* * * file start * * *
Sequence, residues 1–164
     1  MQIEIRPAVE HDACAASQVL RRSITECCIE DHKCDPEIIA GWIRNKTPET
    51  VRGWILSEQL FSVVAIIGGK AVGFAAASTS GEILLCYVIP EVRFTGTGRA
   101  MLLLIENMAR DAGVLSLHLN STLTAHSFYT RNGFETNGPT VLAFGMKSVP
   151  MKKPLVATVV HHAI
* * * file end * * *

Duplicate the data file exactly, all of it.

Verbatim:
Sequence, residues 1–164
     1  MQIEIRPAVE HDACAASQVL RRSITECCIE DHKCDPEIIA GWIRNKTPET
    51  VRGWILSEQL FSVVAIIGGK AVGFAAASTS GEILLCYVIP EVRFTGTGRA
   101  MLLLIENMAR DAGVLSLHLN STLTAHSFYT RNGFETNGPT VLAFGMKSVP
   151  MKKPLVATVV HHAI